Note: the codes discussed in the following paragraphs do not pertain to single family dwellings in most jurisdictions. However, they serve as an excellent guideline to anyone planning a new home built to higher levels of fire safety.
Reference: UBC Sec. 17, BOCA Sec. 400406, NFPA 220 (or 101
There are other key issues to be considered in construction or assembly. These issues center around the longevity or structural integrity during a fire. Even though certain building materials and assemblies may be considered noncombustible, their fire performance leaves a lot to be desired. This is due to structural strength loss when exposed to high temperatures, warping, and/or heat conductivity. Some materials crumble when exposed to high temperatures while others warp, sag and melt. All assemblies should be tested in the E-119 standard time and temperature curve test chamber for their longevity in a fire. Fire safety is an important concern in all types of construction. Information on the fire safe use of wood in construction is covered in this chapter. This includes fire performance characteristics, such as ignition, charring, flame spread, heat release, and smoke. When evaluating fire safety, basic data are needed on performance characteristics of building materials. Even more important than the performance of these materials is the design of the building. Therefore, methods are discussed for improving fire safety through design and fire retardant treatments that can improve the fire performance of wood. Major building codes generally recognize five classifications of construction based on types of materials and required fire resistance ratings. Of the five, wood is permitted in three of the classifications. These three types of construction have traditionally been referred to as heavy timber, ordinary, and light frame. Heavy timber construction has wood columns, floors, roofs and interior partitions of certain minimum dimensions. For example, beams and girders may be not less than nominal (6) inches in width and not less than nominal (10) inches in depth. Ordinary construction has smaller size wood members, such as nominal (2) inch thick wood joists. In both heavy timber and ordinary construction, the exterior walls are of noncombustible materials. In light frame construction, the walls, floors, and roofs may be nominal (2) inch thick wood framing and the exterior walls may be of combustible materials. The fire resistance of light frame and heavy timber construction will be discussed later. While the other two classifications, fire-resistive and noncombustible constructions, basically restrict the construction to noncombustible materials’ fire retardant treated wood is permitted in limited applications.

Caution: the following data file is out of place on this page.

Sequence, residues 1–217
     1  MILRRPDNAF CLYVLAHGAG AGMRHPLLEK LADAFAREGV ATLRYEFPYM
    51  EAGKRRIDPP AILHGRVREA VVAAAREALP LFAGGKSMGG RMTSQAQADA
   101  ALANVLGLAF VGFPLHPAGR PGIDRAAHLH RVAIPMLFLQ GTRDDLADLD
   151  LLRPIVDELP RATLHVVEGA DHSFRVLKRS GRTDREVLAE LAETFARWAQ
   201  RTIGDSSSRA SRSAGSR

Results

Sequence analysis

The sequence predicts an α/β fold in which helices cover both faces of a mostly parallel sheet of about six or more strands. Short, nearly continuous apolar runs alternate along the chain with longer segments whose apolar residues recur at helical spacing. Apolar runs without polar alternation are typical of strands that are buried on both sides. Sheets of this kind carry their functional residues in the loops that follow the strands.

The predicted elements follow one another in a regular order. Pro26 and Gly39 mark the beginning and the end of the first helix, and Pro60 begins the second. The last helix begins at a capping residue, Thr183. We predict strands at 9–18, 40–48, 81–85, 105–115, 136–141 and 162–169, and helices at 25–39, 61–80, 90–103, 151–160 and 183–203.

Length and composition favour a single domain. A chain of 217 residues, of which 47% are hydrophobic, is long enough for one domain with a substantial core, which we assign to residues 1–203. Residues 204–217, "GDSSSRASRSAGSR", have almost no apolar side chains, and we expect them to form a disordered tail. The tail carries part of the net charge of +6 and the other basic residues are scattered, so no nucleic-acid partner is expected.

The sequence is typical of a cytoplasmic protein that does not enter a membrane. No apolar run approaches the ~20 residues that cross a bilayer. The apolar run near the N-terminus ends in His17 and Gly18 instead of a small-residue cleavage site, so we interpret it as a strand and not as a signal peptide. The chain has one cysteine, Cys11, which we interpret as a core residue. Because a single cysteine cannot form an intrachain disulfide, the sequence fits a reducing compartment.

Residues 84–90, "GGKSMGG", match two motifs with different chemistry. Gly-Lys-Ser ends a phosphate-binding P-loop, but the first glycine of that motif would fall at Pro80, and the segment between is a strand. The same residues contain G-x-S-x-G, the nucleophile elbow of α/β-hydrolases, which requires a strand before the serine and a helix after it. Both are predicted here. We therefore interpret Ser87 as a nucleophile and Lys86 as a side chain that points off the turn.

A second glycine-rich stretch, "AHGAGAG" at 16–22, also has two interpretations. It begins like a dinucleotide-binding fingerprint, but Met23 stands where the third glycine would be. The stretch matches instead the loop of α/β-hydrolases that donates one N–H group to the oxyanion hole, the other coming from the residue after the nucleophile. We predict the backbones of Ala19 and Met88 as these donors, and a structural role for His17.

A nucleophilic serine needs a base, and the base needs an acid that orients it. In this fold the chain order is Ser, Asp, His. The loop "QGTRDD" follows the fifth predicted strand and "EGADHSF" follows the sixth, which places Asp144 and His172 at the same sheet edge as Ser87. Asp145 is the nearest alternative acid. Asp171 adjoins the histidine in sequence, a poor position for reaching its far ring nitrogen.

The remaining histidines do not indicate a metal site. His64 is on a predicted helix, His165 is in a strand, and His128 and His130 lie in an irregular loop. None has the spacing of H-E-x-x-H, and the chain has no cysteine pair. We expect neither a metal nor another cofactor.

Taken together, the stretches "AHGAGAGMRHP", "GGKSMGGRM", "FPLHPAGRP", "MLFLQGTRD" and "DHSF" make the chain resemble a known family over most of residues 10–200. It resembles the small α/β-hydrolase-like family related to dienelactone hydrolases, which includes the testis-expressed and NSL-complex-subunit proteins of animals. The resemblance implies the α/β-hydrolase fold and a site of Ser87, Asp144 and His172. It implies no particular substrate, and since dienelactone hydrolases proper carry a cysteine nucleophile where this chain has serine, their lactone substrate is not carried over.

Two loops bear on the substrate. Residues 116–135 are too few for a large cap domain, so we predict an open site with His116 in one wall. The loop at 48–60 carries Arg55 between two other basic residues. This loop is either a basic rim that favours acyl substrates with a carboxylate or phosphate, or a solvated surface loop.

The option to approve alternatives is provided by the following codes: BOCA Sec. 107;
UBC Sec. 105; NFPA 101 Sec. 1-5
The high level of national concern for fire safety is reflected in limitations and design requirements in the building codes. The codes provide the minimum statutory requirements for fire safety. Adherence to codes will result in an improved level of fire safety. Code officials should be consulted early in the design of a building, because the codes offer alternatives. For example, floor areas can be increased with the addition of automatic sprinkler systems. Code officials have the option to connects with the wall; (2) fire-stops at each floor level in partitions that are continuous through two or more stories: (3) fire-stops at all interconnections between concealed vertical and horizontal spaces such as occur at soffits, drop ceilings, and cove ceilings; (4) headers at the top and bottom of the space between stair carriages; (5) mineral wool or equivalent noncombustible material packed tightly around pipes or ducts that pass through a floor or a fire-stop; and (6) self-closing doors on vertical shafts such as clothes chutes.
Figure 2 Draft-stops in multifamily buildings. Top, in floor/ceiling assemblies and bottom, in attics, mansards, overhang, or other concealed roof space above and in line with tenant separation when tenant separation walls do not extend to the roof sheathing above ;( NFPA).
Draft-stops are barriers in large concealed passages. New design and construction techniques such as suspended or dropped ceilings and parallel chord trusses have resulted in new draft-stop requirements. Draft stopping materials include 1/2 inch gypsum board and 3/8 inch plywood. Two locations where draft-stops should be used to break up a large area are floor-ceiling assemblies in which the ceilings are either suspended below solid wood. Joists and/or open-web trusses and attics and other concealed roof spaces such as mansards and overhangs. Some construction practices increase the risk of a fire spreading to the concealed spaces. Installing cabinets shower stalls and other structures without an interior wall lining on the studs allow easier penetration into the wall cavities. A built-in bathtub provides interconnections between two walls and the floor. A thin plywood cover over a trapdoor allows a fire to spread easily to the attic or other concealed spaces.